Sep 26, 2023

New data released by the California Energy Commission illustrate just how backwards the Golden State’s energy policy priorities have become under Governor Newsom.

Consider the following two facts:

  • Foreign oil imports to California jumped more than 33% from 2020 to 2022.
  • Over the same period, in-state oil production fell more than 20%.

Indeed, while California covered 34.9% of its oil demands through in-state production in 2020, Newsom’s policies drove that figure down to just 25.9% last year, forcing the state to import more than 840,000 barrels of oil from overseas each day to meet basic energy needs.

Why is Newsom so focused on eliminating California’s oil production capacities when the world’s fourth largest economy still demands more than 500 million barrels of it each year?

As California transitions to a cleaner energy economy over the next several decades, wouldn’t it make sense to reduce foreign imports before local, in-state production?

The governor’s desire to move California away from oil is well known. But even the most aggressive energy transition should still be grounded in basic realities and pragmatism.

After all, even President Biden understands our current energy realities, recognizing explicitly in recent months that “if we want lower gas prices, we need to have more oil supply right now,” and “we’re going to need oil for at least another decade … and beyond.”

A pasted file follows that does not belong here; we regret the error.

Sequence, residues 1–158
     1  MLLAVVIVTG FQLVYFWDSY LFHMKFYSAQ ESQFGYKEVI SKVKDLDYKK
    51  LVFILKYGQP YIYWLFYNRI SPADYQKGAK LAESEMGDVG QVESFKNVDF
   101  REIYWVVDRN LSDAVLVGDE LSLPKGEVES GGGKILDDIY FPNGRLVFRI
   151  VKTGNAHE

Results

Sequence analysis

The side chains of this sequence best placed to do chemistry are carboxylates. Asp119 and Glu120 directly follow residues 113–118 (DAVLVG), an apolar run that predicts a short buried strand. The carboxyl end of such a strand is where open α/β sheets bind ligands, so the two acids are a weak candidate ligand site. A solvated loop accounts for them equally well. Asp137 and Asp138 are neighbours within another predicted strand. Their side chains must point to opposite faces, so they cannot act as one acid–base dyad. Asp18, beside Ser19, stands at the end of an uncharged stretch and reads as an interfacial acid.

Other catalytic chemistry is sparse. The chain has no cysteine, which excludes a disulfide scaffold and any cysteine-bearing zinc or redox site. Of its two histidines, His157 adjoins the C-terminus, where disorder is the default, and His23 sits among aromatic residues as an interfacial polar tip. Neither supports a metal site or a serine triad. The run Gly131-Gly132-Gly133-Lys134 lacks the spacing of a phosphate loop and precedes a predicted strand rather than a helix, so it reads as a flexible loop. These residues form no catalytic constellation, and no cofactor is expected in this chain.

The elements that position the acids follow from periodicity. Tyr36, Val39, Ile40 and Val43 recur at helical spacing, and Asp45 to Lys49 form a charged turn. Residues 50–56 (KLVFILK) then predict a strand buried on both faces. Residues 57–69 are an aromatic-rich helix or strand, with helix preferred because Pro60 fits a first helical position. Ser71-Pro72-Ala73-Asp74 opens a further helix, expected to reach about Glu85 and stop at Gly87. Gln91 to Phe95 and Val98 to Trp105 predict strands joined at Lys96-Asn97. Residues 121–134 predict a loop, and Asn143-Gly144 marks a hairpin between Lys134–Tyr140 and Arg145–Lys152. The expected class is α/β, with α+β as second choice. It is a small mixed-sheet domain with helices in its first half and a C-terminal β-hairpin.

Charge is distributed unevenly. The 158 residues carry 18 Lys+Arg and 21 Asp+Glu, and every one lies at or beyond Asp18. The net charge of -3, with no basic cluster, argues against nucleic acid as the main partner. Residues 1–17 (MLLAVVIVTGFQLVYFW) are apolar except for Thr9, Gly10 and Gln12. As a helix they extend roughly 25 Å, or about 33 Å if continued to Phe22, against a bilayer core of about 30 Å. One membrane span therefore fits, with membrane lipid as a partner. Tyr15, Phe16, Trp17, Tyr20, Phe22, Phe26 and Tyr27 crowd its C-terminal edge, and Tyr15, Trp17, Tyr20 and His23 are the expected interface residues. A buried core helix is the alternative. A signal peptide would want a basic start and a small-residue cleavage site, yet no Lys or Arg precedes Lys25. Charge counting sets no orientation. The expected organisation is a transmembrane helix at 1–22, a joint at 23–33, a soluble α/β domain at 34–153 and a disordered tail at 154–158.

Newsom, meanwhile, appears to reject these basic ideas. “We don’t see oil in our future,” Newsom declared in October 2021 in the face of multiple forecasts which clearly showed otherwise.

Unfortunately for Californians, the governor’s energy obstinance has consequences. On top of paying some of the highest and most volatile energy costs in the country, the governor’s crusade to eliminate much-needed in-state oil production is turning what could be a responsible, orderly energy transition into a politicized charade.

The fact that foreign oil imports are up and domestic production is down confirms that Newsom’s energy strategy (of lack thereof) is failing. Californians are suffering the consequences – and foreign regimes halfway around the world are stepping in to reap the benefits.